Running In Circles, but Faster (3 2×400/400)

For my Tuesday lunch-hour run, I headed over to the track to do speed-work for the second time. Last Tuesday was my first attempt at speed-work, and I think I started out to ambitious, with mile repeats and quarter mile recovery jogs. This time I decided to do a little less, and it went great.

As I’ve said before, I’ve never been all that attracted to speed-work. I like long, contemplative runs, not short-focused sprits. The former is not just exercise, its relaxation; the later is more like . . . well, it’s in the title: “work.” However, I keep reading how beneficial speed-work can be for every runner, regardless of their distance goals. Besides improving short-distance speeds, speed-work builds leg muscle faster, burns fat more efficiently, helps increase foot cadence and fore-foot striking, and generally boosts cardiovascular endurance. Another reason I’ve avoided speed-work is that it is so clinical and specific, as you have to keep track of distances and repeats and intervals. When I run, I like to just lose myself in the run, fast or not, mixing up speed when I feel like it. Recently I’d found a few track work-outs on NoMeatAthlete that sounded doable, so that excuse was gone.

So the only excuse I was left with that I really didn’t want to, that it was going to be “work.” I eventually decided that was a reason to do speed-work, not to avoid it: if I don’t want to do something because it sounds too hard, that probably means I should (of course, this sort of logic can result in one signing up for the Badlands Ultramarthon, so I need to be careful about that).

The basic idea behind speed-work is simple: you push yourself hard for a period of time, slow down until you recover somewhat, then push yourself again, and repeat. It basically like lifting weights: work to failure, rest, then do it again. The most basic sort of speed-work, and the only kind I’ve really done before, goes by the really bizarre name of “fartlek,” which is Swedish for “speed-play” and simply means you mix in bursts of various speeds as you run. There are no rules, you just mix up pushing yourself hard, then slowing down. That I’ve done, and the “play” aspect is definitely more appealing than “work.” The drawback is that because there is no set distance or time, it can be very hard to force oneself to work as hard as you intend, or to hold the effort for as long as you should; its far too easy to overestimate how long or far you’ve gone when you’re pushing as hard as you can. Thus the rack: it’s a specific, clearly delineated distance, so you know how far you’ve gone and how far you need to go before you slow down.

I decided to strip down the workout I’d tried before to 2×400/400, or two laps of 400 meters each, followed one lap of recovery speed, repeated. That is, I’d run hard for half a mile, run slowly for a 1/4 mile as my heart-rate dropped and I caught my breath, then repeat. I set my GPS to click a lap every ¼ mile so I could check my time, then started. I did the first lap in 1:30, so on pace for a 6 minute mile, and decided that was a sustainable speed, if only just barely. A half mile at that pace is pushing myself hard, really hard, but knowing that it wasn’t that much farther made it possible: just another half a lap, a quarter lap, almost there, then down to a jog, trying to keep my breathing even and it takes nearly the entire 400 meter lap to fell normal. Then sprint again.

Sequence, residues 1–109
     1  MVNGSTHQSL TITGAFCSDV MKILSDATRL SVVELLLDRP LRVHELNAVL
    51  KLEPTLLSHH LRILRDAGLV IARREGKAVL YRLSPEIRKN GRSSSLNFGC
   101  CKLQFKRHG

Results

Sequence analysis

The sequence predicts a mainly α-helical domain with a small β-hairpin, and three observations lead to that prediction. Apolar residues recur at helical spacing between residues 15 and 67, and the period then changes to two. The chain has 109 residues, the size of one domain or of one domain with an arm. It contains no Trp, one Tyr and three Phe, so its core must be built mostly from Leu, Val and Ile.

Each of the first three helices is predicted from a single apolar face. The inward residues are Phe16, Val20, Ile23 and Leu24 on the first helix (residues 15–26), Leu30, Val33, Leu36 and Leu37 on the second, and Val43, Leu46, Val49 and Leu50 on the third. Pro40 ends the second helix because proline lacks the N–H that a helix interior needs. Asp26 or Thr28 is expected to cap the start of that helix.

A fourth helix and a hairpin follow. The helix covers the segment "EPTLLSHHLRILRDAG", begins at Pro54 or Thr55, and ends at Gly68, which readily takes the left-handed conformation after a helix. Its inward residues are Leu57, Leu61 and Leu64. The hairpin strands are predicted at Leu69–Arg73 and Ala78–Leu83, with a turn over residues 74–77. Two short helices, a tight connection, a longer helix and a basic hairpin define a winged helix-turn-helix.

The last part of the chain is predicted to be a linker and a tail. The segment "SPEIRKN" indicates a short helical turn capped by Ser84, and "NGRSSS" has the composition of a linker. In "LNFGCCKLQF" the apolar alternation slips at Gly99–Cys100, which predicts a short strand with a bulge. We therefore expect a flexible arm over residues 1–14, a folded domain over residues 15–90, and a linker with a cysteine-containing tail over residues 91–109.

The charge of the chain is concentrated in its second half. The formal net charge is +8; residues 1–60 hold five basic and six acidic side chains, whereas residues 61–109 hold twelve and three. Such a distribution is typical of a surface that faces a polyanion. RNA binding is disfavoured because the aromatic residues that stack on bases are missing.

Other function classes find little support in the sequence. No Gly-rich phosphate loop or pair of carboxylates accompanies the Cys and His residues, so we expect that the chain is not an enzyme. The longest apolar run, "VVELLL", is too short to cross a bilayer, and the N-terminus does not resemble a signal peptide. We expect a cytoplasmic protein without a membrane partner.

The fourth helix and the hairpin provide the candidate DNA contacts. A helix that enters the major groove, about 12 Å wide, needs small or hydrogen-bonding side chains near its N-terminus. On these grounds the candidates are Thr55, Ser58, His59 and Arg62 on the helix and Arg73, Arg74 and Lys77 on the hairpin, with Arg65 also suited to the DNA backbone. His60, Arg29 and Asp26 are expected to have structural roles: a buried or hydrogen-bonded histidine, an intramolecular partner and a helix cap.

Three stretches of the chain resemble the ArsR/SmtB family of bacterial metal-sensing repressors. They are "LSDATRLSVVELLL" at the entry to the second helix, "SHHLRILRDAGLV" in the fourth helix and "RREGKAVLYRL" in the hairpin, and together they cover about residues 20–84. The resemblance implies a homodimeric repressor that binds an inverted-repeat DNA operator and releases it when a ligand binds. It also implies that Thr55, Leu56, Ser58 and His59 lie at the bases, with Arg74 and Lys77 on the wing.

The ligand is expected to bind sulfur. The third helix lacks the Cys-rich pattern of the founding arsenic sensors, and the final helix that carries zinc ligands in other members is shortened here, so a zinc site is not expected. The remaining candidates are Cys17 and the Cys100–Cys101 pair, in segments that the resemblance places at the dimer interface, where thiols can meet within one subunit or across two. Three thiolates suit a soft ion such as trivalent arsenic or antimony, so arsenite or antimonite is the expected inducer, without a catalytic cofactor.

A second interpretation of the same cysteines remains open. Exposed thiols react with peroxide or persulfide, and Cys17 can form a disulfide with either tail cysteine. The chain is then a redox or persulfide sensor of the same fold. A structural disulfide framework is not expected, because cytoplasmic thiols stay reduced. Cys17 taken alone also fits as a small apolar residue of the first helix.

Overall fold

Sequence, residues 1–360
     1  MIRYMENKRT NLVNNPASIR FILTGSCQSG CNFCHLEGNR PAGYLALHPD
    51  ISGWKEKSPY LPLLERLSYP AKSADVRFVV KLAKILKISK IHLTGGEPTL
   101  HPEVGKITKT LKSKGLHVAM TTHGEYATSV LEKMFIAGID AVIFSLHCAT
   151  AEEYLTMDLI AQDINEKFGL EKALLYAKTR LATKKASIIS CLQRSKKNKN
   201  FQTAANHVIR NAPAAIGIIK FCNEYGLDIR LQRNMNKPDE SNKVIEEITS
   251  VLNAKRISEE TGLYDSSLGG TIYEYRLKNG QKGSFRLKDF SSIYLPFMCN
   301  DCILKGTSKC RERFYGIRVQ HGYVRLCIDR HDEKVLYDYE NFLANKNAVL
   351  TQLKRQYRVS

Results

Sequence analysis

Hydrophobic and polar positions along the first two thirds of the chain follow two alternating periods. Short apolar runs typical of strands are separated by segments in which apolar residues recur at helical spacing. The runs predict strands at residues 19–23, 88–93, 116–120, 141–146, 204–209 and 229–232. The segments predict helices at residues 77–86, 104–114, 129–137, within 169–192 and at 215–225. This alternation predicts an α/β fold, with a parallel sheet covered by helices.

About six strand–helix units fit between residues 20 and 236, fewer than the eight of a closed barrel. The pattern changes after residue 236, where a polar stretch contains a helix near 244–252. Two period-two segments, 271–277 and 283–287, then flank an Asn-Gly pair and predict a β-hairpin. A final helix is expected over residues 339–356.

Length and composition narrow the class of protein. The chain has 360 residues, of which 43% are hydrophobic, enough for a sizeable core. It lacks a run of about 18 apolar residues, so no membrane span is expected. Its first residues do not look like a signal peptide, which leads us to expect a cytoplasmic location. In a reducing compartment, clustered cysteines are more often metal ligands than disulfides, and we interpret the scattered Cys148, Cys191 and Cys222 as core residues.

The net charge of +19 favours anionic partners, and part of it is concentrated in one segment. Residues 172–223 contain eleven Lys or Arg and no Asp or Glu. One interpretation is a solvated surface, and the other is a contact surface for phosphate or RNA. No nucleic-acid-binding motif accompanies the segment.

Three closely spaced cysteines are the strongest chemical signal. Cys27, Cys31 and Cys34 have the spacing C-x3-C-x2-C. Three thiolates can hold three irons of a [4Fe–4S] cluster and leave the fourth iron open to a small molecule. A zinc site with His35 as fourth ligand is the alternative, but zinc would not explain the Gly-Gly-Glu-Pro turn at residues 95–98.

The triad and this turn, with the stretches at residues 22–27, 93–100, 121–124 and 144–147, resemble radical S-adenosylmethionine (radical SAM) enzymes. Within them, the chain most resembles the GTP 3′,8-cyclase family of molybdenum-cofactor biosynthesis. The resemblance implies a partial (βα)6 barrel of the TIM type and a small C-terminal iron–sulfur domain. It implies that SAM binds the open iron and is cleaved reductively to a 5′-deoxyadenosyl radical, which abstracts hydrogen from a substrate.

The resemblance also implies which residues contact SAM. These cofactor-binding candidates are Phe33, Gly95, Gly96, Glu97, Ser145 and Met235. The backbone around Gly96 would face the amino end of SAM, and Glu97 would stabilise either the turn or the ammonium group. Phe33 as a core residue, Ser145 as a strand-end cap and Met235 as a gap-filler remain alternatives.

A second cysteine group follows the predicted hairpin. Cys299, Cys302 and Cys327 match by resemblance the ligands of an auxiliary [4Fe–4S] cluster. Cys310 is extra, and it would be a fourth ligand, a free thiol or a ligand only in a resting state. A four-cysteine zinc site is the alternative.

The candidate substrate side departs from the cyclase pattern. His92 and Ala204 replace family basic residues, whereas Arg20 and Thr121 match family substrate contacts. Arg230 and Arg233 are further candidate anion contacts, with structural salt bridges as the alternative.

It certainly was very different than the way I normally run, gliding along, lost in my surroundings and lost in thought. However, in a way, it was equally meditative, only instead of the focus being diffuse, the focus is focused and intense: the few hundred yards directly in front of you, your breath, your legs. There was no outside world, certainly no thoughts, since all my thought was taken up with moving my body forward, on the curve of track up ahead which was everything. In fact, speed-would be even more perfect than a long run on especially stressful days, as there is no danger of outside worries and ruminations to impose themselves on your mind when you are struggling to breathe.

I did three cycles, so a mile and a half of hard running, with ¾ mile of recovery running, plus the 1.2 miles to and from the track. When I was done, I felt great, both from the workout and from the sense I’d conquered something and it only took a quarter of an hour. I’ll definitely be doing more speed-work in the future, though my heart is definitely in the long runs, the expansive calm that comes from going somewhere, rather than running in circles.

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About Chris Van Dyke

I am a 33 year-old high school English teacher and long-distance runner. I live in Brooklyn with my partner, our 3 year-old son and 1 year-old daughter and a growing collection of muppets and trains. Besides running and teaching I like to draw, read, write, cook, and play the harmonica. While I didn't get to run my first ultra-marathon on my birthday, I've got a few more I've set my sights on. You can follow my (seldom updated) twitter feed @aboutrunning. I also blog as part of the Run Smiley Collective.
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